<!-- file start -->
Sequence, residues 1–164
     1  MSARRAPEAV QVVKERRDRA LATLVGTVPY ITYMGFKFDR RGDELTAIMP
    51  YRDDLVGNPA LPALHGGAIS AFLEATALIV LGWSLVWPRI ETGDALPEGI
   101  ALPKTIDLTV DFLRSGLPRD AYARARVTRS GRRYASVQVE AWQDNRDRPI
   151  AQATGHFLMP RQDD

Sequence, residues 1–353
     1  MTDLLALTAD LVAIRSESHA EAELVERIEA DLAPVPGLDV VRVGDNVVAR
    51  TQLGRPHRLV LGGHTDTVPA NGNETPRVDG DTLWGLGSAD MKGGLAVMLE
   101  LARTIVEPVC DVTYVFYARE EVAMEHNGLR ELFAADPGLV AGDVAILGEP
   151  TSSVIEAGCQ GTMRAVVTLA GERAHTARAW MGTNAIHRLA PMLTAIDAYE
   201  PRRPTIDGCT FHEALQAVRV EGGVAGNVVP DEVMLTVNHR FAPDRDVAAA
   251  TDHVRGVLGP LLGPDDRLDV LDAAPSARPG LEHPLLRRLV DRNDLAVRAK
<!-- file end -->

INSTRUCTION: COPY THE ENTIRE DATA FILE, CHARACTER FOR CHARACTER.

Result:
Sequence, residues 1–164
     1  MSARRAPEAV QVVKERRDRA LATLVGTVPY ITYMGFKFDR RGDELTAIMP
    51  YRDDLVGNPA LPALHGGAIS AFLEATALIV LGWSLVWPRI ETGDALPEGI
   101  ALPKTIDLTV DFLRSGLPRD AYARARVTRS GRRYASVQVE AWQDNRDRPI
   151  AQATGHFLMP RQDD

Sequence, residues 1–353
     1  MTDLLALTAD LVAIRSESHA EAELVERIEA DLAPVPGLDV VRVGDNVVAR
    51  TQLGRPHRLV LGGHTDTVPA NGNETPRVDG DTLWGLGSAD MKGGLAVMLE
   101  LARTIVEPVC DVTYVFYARE EVAMEHNGLR ELFAADPGLV AGDVAILGEP
   151  TSSVIEAGCQ GTMRAVVTLA GERAHTARAW MGTNAIHRLA PMLTAIDAYE
   201  PRRPTIDGCT FHEALQAVRV EGGVAGNVVP DEVMLTVNHR FAPDRDVAAA
   251  TDHVRGVLGP LLGPDDRLDV LDAAPSARPG LEHPLLRRLV DRNDLAVRAK